365 Prophecies: Prophecy 38
The Messiah will come out of Egypt.
Old Testament Prediction:
Numbers 24:8 “God brings him out of Egypt; He has strength like a wild ox; He shall consume the nations, his enemies; He shall break their bones And pierce them with his arrows.”
New Testament Fulfillment:
Matthew 2:13-15 Now when they had departed, behold, an angel of the Lord appeared to Joseph in a dream, saying, “Arise, take the young Child and His mother, flee to Egypt, and stay there until I bring you word; for Herod will seek the young Child to destroy Him.” When he arose, he took the young Child and His mother by night and departed for Egypt, and was there until the death of Herod, that it might be fulfilled which was spoken by the Lord through the prophet, saying, “Out of Egypt I called My Son.”
The Book of Numbers Chapter 24 gives us the account of Balaam, who is acting in the capacity of a prophet of God by making a prophetic prediction about the tribe of Judah, from where the Messiah will one day come. Balaam states that God will bring him out of Egypt.
It has always amazed me that Balaam could act in the capacity of a prophet of God while doing so with evil intentions towards God’s people and his own selfish ambition and greed. The information that he passed along to the Midianites eventually led to the downfall of Israel. Later in the New Testament, Balaam is listed among those who are described as false prophets and are condemned for their actions by God.
2 Peter 2:15 They have forsaken the right way and gone astray, following the way of Balaam the son of Beor, who loved the wages of unrighteousness…
In Matthew Chapter 2:13-15, the angel of the Lord warns Joseph that Herod will seek to kill Jesus at His birth. Matthew writes that Joseph and Mary departed for Egypt, and that this action was in fulfillment of this 38th Old Testament Prophecy found in Numbers 24:8.
There are many of the 365 prophecies which are given in this book, that when read from the Old Testament, seem at first to be vague.
Numbers 24:8 “God brings him out of Egypt…”
We might never have known that this verse from the Book of Numbers was a prophecy that concerned the coming Messiah, unless the Lord revealed it to us in Matthew’s gospel. This is an important fact of Bible prophecy: We often do not know that a particular verse of scripture was written prophetically until after the event takes place. I am sure that Matthew was not aware that Numbers 24:8 or Hosea 11:1 were speaking of the Messiah, until he had learned that the angel had warned Joseph to take Jesus and flee to Egypt not long after His birth. Matthew remembered the words from Hosea 11:1 and Numbers 24:8, as the Holy Spirit brought them to his remembrance. He recorded the fulfillment of this prophecy of the Messiah for us in his gospel.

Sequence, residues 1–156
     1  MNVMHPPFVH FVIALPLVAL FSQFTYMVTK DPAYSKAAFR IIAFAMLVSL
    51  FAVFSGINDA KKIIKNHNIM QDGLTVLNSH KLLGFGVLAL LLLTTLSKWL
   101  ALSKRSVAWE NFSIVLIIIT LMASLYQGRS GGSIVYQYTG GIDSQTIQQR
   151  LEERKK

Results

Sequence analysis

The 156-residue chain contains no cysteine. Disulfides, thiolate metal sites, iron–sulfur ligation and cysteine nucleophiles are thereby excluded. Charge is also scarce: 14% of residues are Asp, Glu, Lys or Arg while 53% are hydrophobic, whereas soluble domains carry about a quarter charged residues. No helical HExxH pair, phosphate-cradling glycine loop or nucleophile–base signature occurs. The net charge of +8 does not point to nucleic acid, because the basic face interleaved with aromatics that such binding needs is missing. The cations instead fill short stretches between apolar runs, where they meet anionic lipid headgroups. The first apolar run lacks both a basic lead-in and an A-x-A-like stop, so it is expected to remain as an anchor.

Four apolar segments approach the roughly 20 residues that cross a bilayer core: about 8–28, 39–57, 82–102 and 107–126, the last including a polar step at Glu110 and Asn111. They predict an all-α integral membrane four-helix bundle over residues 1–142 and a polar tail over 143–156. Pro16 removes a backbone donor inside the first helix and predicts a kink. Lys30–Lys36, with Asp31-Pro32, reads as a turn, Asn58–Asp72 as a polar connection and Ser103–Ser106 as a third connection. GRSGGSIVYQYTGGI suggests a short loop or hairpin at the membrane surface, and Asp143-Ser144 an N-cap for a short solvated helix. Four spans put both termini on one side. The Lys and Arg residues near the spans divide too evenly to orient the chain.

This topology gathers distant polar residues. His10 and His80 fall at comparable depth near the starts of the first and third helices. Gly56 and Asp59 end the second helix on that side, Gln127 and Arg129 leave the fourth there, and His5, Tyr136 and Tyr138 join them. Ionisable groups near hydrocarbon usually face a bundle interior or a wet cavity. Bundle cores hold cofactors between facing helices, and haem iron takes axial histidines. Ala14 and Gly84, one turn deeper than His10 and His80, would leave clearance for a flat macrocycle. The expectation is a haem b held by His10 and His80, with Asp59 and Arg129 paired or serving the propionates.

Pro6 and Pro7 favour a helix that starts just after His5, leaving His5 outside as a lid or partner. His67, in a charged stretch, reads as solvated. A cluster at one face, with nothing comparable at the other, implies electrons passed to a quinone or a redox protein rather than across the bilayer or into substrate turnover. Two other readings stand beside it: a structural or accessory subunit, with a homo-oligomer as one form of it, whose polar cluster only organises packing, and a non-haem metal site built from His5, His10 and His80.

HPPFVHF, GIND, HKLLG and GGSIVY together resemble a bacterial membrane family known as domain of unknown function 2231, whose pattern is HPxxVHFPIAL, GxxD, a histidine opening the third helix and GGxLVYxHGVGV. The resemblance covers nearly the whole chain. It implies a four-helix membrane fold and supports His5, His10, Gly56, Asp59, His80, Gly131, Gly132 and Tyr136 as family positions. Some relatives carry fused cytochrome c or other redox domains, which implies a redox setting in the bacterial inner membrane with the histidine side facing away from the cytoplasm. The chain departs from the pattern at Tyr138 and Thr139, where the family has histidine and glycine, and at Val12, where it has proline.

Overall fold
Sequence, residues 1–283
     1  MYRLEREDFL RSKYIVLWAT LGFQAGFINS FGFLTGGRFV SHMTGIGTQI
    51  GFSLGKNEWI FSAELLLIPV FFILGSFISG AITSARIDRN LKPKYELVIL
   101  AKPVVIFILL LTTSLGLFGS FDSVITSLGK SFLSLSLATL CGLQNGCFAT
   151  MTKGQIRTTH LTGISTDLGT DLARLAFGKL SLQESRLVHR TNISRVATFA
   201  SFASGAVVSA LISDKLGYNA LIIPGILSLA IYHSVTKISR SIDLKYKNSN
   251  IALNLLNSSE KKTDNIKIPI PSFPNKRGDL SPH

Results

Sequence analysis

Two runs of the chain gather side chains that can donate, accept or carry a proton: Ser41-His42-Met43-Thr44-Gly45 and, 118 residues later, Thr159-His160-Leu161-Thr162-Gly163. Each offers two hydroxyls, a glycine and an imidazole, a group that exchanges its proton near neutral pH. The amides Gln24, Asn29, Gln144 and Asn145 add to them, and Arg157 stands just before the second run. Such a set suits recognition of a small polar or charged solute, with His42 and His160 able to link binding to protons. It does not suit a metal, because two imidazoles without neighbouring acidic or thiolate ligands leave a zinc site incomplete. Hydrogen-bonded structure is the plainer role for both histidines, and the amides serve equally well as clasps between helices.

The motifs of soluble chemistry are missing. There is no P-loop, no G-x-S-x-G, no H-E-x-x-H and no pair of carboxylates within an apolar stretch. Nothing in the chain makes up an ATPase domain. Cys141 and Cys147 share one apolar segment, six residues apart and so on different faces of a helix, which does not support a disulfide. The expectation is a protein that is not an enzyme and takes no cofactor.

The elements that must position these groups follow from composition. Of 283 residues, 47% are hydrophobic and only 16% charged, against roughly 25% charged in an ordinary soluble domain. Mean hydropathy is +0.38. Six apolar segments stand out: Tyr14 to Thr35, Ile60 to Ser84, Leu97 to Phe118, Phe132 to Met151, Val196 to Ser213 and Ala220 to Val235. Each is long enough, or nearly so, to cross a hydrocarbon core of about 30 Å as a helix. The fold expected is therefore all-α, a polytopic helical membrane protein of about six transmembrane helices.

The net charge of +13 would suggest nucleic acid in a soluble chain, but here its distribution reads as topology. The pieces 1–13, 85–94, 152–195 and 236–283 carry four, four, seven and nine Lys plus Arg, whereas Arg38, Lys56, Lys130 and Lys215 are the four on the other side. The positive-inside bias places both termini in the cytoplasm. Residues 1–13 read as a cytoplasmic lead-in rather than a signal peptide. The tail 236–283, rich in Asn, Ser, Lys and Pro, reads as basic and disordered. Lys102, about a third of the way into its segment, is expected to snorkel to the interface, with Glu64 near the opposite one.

This is why we should continually read the Bible over and over and become familiar with all of the verses of Scripture. The Holy Spirit can only bring to our remembrance the words of God which we have already read and studied. There have been several occasions when I was speaking to a person about Jesus, or teaching the word of God before a group of people, and the Holy Spirit would remind me of a particular verse of Scripture. Often, it is not a verse that I had really studied extensively. Because I had placed the verse in my mind by reading the word of God, the Holy Spirit was able to bring these verses to my remembrance and allow me to use them in teaching the Bible to someone else.
John 14:26 But the Helper, the Holy Spirit, whom the Father will send in My name, He will teach you all things, and bring to your remembrance all things that I said to you.
An important principle to consider in prophetic interpretation:
Becoming a diligent student of Bible prophecy requires that we read a verse of Scripture from the Old Testament, with the assumption that it is prophetic. The entire purpose of the scriptures is to point us to the Messiah. Therefore, all of the stories, people and events should be carefully scrutinized for their possible application to the Messiah, who is Jesus Christ.
John 5:39 (Jesus speaking) You search the Scriptures, for in them you think you have eternal life; and these are they which testify of Me.